India for example faces the problems of globalization and ever-increasing international technological and economic competition. SMEs face the challenge of technology transfer to cope up with international competitiveness. In the last few decades, SMEs have been utilizing technology transfer as a way of strategizing to compete with global businesses. This is however constrained by their small size and the lack of skills to effectively plan for and implement these new technologies (Ramanathan, 2011).
This problem faces SMEs in developing countries because there are no adequate plans and strategies to improve the sector’s processes. In the event of an introduction of new technology, SMEs lack adequate expertise and funds to incorporate the technology into the existing system. This forces the potential customers of the SME products to seek other alternatives or complements within the market because the products do not meet the international current standards.
Small and Medium-Scale enterprises play a significant role in the economic development of developing countries. However, SMEs face a vast number of problems in its establishment and continuity. The problems range from the social, economic, technological, legal, environmental, ethical, and political aspects of nature. Being a private sector, SMEs experience negligence and sabotage from the state government and this is why all the problems revolve around the lack of adequate legal, regulatory frameworks, standards, and policies that are supportive of the sector. With the state government’s support, a number of the problems facing the sector get an automatic solution.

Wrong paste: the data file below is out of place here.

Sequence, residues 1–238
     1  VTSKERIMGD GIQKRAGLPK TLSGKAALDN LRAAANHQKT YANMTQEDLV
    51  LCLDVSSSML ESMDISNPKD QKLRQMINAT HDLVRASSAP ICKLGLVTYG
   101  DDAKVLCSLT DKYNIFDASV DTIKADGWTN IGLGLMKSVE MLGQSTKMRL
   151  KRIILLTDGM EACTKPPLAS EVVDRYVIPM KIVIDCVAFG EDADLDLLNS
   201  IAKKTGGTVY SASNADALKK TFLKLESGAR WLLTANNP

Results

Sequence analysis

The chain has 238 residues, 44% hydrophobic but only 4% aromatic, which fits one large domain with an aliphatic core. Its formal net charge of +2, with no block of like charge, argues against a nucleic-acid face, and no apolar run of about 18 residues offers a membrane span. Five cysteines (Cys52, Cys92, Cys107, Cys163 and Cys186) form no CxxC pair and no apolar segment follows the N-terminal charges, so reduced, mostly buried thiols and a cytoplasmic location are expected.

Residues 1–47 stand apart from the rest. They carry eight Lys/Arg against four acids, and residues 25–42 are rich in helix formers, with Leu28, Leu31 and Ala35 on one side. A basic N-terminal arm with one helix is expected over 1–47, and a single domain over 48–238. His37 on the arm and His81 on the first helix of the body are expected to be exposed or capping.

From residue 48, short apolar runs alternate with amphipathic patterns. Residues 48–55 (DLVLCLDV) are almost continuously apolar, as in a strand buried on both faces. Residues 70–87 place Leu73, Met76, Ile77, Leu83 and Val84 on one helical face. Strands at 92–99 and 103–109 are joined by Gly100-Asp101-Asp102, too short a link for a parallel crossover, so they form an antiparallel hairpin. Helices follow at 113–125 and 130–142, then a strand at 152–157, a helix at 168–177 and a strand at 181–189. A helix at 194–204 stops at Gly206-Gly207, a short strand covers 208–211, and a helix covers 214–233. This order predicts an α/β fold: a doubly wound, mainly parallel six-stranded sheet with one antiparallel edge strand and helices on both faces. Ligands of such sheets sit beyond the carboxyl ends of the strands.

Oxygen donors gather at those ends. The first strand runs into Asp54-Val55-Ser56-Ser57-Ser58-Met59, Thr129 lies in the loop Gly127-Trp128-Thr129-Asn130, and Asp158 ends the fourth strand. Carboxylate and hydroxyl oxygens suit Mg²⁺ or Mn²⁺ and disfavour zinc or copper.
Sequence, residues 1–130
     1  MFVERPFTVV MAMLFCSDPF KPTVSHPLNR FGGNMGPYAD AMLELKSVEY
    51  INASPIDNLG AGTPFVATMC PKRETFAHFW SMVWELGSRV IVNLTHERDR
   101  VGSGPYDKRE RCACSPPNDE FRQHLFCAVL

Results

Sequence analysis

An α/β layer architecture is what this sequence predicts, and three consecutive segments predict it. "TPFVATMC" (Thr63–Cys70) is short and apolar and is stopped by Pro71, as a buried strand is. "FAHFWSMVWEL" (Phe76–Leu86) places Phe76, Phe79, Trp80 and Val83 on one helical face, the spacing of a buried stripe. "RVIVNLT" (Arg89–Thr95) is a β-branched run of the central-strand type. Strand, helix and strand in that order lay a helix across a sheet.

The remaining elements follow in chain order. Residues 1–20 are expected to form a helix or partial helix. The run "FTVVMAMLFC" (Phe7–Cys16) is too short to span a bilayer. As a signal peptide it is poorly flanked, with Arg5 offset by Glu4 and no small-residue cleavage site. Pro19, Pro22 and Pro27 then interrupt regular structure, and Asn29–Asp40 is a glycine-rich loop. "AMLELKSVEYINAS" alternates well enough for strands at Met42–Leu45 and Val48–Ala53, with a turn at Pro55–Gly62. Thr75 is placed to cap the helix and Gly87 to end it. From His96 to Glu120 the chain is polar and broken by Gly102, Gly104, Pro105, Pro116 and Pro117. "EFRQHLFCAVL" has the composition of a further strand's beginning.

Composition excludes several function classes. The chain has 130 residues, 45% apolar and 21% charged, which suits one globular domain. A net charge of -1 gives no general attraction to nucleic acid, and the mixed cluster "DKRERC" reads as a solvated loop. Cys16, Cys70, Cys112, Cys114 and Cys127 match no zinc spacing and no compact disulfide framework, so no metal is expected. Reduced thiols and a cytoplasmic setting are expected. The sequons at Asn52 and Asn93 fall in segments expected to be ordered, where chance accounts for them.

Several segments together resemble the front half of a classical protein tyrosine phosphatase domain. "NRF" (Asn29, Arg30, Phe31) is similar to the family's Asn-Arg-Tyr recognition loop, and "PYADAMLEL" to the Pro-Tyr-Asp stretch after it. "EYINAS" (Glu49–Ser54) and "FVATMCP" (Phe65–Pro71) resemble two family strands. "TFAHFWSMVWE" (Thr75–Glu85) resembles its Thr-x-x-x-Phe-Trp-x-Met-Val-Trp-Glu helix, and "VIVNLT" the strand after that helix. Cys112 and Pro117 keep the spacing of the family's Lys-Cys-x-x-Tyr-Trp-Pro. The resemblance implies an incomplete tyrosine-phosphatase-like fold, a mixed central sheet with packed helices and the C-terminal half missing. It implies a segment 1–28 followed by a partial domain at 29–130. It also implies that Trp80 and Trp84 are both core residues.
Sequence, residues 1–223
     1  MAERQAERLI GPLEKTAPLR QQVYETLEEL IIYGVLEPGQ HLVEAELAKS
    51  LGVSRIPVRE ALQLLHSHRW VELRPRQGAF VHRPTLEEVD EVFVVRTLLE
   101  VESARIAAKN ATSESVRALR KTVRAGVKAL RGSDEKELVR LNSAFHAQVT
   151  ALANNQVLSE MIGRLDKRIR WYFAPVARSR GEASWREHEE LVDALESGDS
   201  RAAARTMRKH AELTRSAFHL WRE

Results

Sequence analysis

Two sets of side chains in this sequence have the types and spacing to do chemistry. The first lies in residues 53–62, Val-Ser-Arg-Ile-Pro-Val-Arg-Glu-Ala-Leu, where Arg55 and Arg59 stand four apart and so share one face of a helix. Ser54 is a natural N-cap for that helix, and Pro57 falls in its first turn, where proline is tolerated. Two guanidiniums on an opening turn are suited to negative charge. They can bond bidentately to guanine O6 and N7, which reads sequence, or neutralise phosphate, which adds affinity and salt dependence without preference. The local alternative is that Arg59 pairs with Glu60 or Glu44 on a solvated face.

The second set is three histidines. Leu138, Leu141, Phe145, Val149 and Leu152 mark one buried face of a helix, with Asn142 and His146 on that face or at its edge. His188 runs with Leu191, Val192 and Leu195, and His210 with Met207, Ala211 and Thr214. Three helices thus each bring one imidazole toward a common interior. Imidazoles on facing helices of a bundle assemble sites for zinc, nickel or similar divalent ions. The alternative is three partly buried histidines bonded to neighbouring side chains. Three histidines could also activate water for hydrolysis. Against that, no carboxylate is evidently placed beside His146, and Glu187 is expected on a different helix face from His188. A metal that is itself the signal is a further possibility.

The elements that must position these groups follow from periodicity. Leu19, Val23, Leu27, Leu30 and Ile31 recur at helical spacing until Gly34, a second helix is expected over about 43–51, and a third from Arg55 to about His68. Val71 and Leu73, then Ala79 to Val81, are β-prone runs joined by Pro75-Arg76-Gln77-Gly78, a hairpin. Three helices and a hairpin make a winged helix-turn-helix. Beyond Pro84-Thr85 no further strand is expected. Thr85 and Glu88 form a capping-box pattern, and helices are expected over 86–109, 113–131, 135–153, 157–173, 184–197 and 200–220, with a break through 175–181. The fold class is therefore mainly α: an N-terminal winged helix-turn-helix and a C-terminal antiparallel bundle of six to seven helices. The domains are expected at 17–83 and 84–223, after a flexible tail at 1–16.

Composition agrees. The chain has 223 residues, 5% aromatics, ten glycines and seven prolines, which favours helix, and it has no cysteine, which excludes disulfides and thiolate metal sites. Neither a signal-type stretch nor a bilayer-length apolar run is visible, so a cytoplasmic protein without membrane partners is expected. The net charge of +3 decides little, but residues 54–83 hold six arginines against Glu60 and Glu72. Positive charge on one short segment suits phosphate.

Hobohm, S. (2010). Small and medium-sized enterprises in economic development: the unido experience. Viena: The United Nations Industrial Development Organization.
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Muhammad, M. (2010). Small and medium enterprises (smes) competing in the global business environment: A case of Malaysia. Labuan: Universiti Malaysia Sabah, Labuan International Campus.
Ramanathan, K. (2011). Technology transfer and small and medium enterprises in developing countries. New Delhi: NAM S&T Center Publishers.